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Home > Bugs > Bugs of Trees and Shrubs > Plum Curculio

Plum Curculio—Conotrachelus nenuphar

The plum curculio is a very destructive pest of plums, apples, peaches, pears, cherries and other wild and cultivated fruits. Injury occurs in three ways: from spring and early fall feeding by adult weevils; by egg-laying in the fruit by females; and from the feeding of larvae within the fruit. They overwinter as adults in the soil within the orchard or in nearby woodlands.


Larvae develop inside fruit. Fully grown larvae (grub) is about 3/8 long, C-shaped, yellowish-white, legless, with a brown head. The adult weevil. is dark brown with whitish-gray patches and four humps on the wing covers. It is about 1/4 inch long with a long snout. The egg-laying site is a small cavity, next to which is made a crescent-shaped cut. Late season feeding by adults causes scarring.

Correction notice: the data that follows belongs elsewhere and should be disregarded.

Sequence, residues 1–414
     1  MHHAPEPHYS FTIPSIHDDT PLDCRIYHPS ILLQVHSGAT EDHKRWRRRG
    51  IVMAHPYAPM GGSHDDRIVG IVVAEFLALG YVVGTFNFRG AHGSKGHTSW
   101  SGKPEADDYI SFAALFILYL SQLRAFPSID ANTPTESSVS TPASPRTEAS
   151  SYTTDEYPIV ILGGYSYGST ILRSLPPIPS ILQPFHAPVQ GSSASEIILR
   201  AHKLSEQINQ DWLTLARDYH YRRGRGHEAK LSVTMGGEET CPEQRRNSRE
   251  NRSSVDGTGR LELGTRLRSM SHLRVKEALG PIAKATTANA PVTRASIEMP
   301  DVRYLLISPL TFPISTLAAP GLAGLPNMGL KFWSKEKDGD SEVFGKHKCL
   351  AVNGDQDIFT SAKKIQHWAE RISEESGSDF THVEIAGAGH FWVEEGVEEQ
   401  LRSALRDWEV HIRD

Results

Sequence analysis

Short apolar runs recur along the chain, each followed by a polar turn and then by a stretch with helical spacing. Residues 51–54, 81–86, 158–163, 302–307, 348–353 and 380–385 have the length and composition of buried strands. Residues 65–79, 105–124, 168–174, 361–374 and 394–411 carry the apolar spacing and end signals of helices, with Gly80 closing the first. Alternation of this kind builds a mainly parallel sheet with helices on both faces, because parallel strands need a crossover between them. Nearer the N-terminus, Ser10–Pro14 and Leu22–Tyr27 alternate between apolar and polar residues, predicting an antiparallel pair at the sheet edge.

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Identification and Control Information (each will open in a new window)



[Photos, left to right: AgriLife Research & Extension Texas A&M; Utah State University Cooperative Extension; University of Kentucky Entomology]

It is the policy of the State of Maine to minimize reliance on pesticides. The Maine Department of Agriculture, Conservation and Forestry and the Maine IPM Council encourage everyone to practice integrated pest management and to use pesticides only as a last resort. The mention of pesticides in the fact sheets linked to these pages does not imply an endorsement of any product. Be sure that any product used is currently registered and follow all label directions.